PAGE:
Disrupting Harm’s methodology can be adapted to any country or region. It will enable cross-country comparisons and collaboration to tackle online child sexual exploitation and abuse. Wherever possible, all Disrupting Harm research was conducted in each country to allow for regional analysis later this year.
To ensure cutting edge results from the research endeavour, advice was sought from global experts on the Disrupting Harm findings and recommendations. A list of the members of the Panel of Advisors can be found here.
Leveraging the unique and comprehensive evidence gathered, Disrupting Harm (DH) identifies practical and actionable solutions to protect children from sexual abuse and exploitation both online and offline. The project was implemented in 13 countries across Eastern and Southern Africa. Below are reports that are now available: Kenya, Uganda, Thailand, Tanzania, Ethiopia, Philippines, Viet Nam and Namibia.
Disrupting Harm in Namibia is the eighth in a series of reports which shares the findings of children’s perceptions of and participation in various online practices, as well as exposes their experiences of online child sexual exploitation and abuse in Namibia.
Disrupting Harm in Namibia has highlighted a number of key areas when dealing with online child sexual exploitation and abuse:
- At least 9% of internet-using children surveyed in Namibia were victims of online sexual exploitation and abuse. Scaled to the national population, this represents an estimated 20,000 children in the past year alone - Experiences of online child sexual exploitation and abuse included blackmailing children to engage in sexual activities in person and sharing their sexual images without permission.
- Children are scared to report cases of online sexual exploitation and abuse - 30% of children surveyed did not tell anyone about the abuse they were subjected to. One child said, “No, I did not [report] because I was afraid. My mom had warned me not to communicate with people that I do not know on social media, so I was afraid that she would criticise me for doing that.”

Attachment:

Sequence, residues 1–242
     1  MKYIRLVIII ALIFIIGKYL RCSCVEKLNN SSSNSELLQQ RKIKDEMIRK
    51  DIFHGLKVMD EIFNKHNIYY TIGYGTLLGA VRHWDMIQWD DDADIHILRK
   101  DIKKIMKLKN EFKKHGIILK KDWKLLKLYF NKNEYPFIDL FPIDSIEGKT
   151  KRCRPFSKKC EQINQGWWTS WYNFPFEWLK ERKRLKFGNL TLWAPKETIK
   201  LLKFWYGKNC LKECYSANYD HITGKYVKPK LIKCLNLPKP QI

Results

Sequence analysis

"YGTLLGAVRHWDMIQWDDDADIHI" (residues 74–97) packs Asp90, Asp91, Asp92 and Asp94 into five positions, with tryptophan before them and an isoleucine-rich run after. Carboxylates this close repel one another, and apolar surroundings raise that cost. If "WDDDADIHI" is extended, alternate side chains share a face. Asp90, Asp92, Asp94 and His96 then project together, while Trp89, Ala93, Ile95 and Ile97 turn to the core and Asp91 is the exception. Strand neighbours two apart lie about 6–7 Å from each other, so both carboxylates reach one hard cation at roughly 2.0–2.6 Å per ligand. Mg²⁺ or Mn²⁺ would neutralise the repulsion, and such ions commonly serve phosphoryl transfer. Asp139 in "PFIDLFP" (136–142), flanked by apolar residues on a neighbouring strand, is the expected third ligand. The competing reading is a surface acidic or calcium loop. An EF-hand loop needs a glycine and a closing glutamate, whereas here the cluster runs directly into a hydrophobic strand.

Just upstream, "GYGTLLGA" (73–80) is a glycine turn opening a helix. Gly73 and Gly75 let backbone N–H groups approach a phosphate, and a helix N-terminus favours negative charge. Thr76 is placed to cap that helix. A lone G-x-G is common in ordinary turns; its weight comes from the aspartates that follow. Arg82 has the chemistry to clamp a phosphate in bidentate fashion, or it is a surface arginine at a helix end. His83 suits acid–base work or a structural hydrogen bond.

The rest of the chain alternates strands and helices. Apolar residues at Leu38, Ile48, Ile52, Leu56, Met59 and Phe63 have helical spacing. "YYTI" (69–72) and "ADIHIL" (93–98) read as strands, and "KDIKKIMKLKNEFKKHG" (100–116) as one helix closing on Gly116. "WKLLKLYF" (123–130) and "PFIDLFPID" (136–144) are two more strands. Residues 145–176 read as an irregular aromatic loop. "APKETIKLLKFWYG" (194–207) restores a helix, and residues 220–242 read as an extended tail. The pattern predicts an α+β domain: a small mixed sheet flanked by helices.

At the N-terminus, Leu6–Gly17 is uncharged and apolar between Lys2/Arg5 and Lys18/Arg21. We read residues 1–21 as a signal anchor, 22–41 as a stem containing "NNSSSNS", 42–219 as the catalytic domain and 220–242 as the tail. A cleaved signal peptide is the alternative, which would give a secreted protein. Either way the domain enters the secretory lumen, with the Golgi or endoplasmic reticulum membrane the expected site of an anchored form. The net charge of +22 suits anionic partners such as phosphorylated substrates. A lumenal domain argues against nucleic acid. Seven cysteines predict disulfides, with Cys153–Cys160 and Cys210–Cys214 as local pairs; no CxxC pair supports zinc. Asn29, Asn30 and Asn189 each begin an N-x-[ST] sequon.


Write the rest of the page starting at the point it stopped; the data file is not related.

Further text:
Extensive data collection took place in Namibia from early 2020 to early 2021. Data analysis for Namibia was finalised in August 2021.
To ensure cutting-edge results from this research endeavour, advice was sought from global experts on the Disrupting Harm in Namibia findings and recommendations. A list of the members of the Panel of Advisors can be found here.
Leveraging the unique and comprehensive evidence gathered, Disrupting Harm in Namibia aims to protect children from sexual abuse and exploitation, both online and offline in Namibia.
The recommendations were discussed at a national consultation on 22 February 2022.
ECPAT International – carried out ten semi-structured interviews with senior national government representatives; an analysis of non-law enforcement data and consultations; conducted a survey with 50 client-facing frontline workers; interviewed six girls aged 15-18 who had accessed the legal system for OCSEA cases (additionally, five of the children’s caregivers were also interviewed); ten semi-structured interviews were conducted with 12 criminal justice professionals; and carried out a literature review prior to primary data collection which consisted of comprehensive analysis of the legislation, policy and systems addressing OCSEA in Namibia.
INTERPOL – collected and analysed both qualitative and quantitative data from national law enforcement agencies, relevant specialised units and partner organisations to measure the scope and nature of OCSEA; and conducted a qualitative assessment on the capacity of national law enforcement authorities to respond to OCSEA cases by interviewing serving officers.
UNICEF Office of Research – Innocenti – carried out a nationally representative household survey of 994 internet-using children aged 12-17 in Namibia. On behalf of each child, one parent/caregiver was interviewed as part of the data collection. The survey achieved 100% fieldwork coverage.
These resources are created to help partners amplify the work of Disrupting Harm, the first-ever research project of its kind. Implemented by ECPAT International, INTERPOL, and UNICEF Office of Research - Innocenti, with financial support from the Global Partnership to End Violence against Children through its Safe Online initiative, Disrupting Harm aims to better understand how digital technology facilitates sexual abuse and exploitation of children and adolescents, both online and offline.